}
    });
});​

2. Clear input textbox on page load

Following jQuery code will clear all the input-type textboxes, when DOM is ready. It loops through all the textboxes present on the page and within the loop, clearing its value.

$(document).ready(function() {
    $('input[type=text]').each(function() {
        $(this).val('');
});
});​

If you want to clear the value of the event in focus, then use the following jQuery code:

$('input[type=text]').focus(function() {
      $(this).val('');
   });

3. Allow only numbers in textbox

As part of some form validations, there may be a restriction that only allows numbers in the textboxes. For example, when the value represents age, price, number of days, etc. The following jQuery code will allow only numbers in the textbox with ID “txtNumber”. It uses the keydown event to detect the user input value’s ASCII code. In this case the ASCII code must be in a range of numbers. The following code allows keys like backspace for clearing the value and TAB keys for moving out of the textbox:

$(document).ready(function(){
   $("#txtNumber").keydown(function(e)
   {
       if (e.shiftKey)
           e.preventDefault();
       else
       {
           var nKeyCode = e.keyCode;
           if (nKeyCode == 8 || nKeyCode == 9) //Ignore Backspace and Tab
               return;
           if (nKeyCode < 95)
           {
               if (nKeyCode < 48 || nKeyCode > 57)
                   e.preventDefault();
           }
           else
           {
               if (nKeyCode < 96 || nKeyCode > 105)
                 e.preventDefault();
           }
       }
   });
});
4. Disable Cut, Copy and Paste operation

The following jQuery code will disable ‘cut’, ‘copy’ and ‘paste’ operations on the input text boxes. Using the jQuery .on() method, the ‘cut’, ‘copy’ and ‘paste’ events are attached to all input text boxes and the code will prevent the default behavior, like this:

$(document).ready(function(){
  $('input[type="text"]').on("cut copy paste",function(e) {
      e.preventDefault();
  });
});

5. Set focus on the first textbox of the page

The following code will set the focus to the very first enabled input textbox on the page, when the page is originally loaded:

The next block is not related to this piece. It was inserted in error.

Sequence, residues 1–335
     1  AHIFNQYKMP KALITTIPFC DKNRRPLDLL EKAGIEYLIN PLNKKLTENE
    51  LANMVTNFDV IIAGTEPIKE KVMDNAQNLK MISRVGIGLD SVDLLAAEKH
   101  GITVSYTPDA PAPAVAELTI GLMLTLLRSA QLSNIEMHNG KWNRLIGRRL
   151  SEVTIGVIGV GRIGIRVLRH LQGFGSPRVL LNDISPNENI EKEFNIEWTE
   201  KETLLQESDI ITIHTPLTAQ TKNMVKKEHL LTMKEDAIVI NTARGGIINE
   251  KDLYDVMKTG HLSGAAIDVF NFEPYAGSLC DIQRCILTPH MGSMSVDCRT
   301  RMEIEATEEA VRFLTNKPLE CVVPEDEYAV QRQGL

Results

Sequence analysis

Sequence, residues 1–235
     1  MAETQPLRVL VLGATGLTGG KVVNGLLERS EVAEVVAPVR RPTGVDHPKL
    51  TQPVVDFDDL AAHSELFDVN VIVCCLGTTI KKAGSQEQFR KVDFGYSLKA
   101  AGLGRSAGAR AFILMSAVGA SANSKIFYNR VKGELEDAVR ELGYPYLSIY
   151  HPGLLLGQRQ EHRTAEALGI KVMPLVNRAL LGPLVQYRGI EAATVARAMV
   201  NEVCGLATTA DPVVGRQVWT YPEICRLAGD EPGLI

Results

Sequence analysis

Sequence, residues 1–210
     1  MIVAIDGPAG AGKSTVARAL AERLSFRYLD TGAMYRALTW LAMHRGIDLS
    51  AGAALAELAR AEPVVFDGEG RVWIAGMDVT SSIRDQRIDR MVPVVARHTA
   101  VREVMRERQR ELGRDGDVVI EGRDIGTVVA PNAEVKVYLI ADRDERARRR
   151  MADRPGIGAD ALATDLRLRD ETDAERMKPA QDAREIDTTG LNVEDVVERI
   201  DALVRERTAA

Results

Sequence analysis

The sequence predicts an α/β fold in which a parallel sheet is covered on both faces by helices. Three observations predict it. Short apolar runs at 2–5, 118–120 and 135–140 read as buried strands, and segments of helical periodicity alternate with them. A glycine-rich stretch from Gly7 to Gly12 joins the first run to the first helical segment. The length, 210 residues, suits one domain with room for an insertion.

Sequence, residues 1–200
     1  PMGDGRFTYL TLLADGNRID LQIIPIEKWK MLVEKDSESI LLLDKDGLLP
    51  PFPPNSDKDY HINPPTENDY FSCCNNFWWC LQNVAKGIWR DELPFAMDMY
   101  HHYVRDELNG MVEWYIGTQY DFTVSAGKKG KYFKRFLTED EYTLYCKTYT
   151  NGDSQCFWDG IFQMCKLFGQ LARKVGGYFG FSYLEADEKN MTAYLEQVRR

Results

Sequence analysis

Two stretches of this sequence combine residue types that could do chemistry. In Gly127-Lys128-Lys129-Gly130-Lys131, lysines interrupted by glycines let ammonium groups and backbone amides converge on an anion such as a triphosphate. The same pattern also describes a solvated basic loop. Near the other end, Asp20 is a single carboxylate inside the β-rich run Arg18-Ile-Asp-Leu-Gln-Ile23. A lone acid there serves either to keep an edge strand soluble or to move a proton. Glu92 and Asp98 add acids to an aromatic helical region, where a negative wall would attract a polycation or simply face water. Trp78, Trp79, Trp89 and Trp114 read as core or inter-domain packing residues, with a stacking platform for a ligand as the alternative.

$(document).ready(function(){
   $('input[type=text]:enabled:first').focus();
});

But if the very first textbox is not visible, for example if it is set to “display:none;” then the above code will fail. So the best solution is to check for visible and enabled textboxes and then set the focus. Like this:

$(document).ready(function(){
   $('input[type=text]:visible:enabled:first').focus();
});

6. Turn off autocomplete for all textboxes

These days most modern browsers cache every single input and smartly houses a list based on the input, like a list of email addresses for an email address inbox. When you visit any website, the browsers will display a list of all previously used inputs. When this is not necessary for your work, it can be quite frustrating. If you wish to disable autocomplete for all textboxes present on the page, the following jQuery code will help:

$(document).ready(function(){
  $('input[type="text"]').attr("autocomplete", "off");
})

Though you can set the autocomplete=”off” attribute on textboxes, you will have to set it for all the text boxes and that takes time. Instead, use the single line of jQuery code and you can achieve the same for all the text boxes present on the page at once!

7. Copy value from one textbox to another while typing

If you wish to copy the content of one input textbox to another in real time, the following jQuery code will do the job. This jQuery code attaches a keyup event to the source and then assigns its value to the destination textbox:

$(document).ready(function() {
    $('#txtSource').keyup(function(e) {
        $('#txtDestination').val($(this).val());
    });
});

The above code will copy the text from one textbox to another. But if you wish to sync multiple textboxes then assign a CSS class to every textbox which should be part of syncing and then bind the keyup event to the CSS class selector. The HTML code will look something like this:

<input type="text" id="txt1"/>
<input type="text" id="txt2" />

Below is the jQuery code that binds the event to copyText and assigns the same value to all the elements that have copyText CSS class: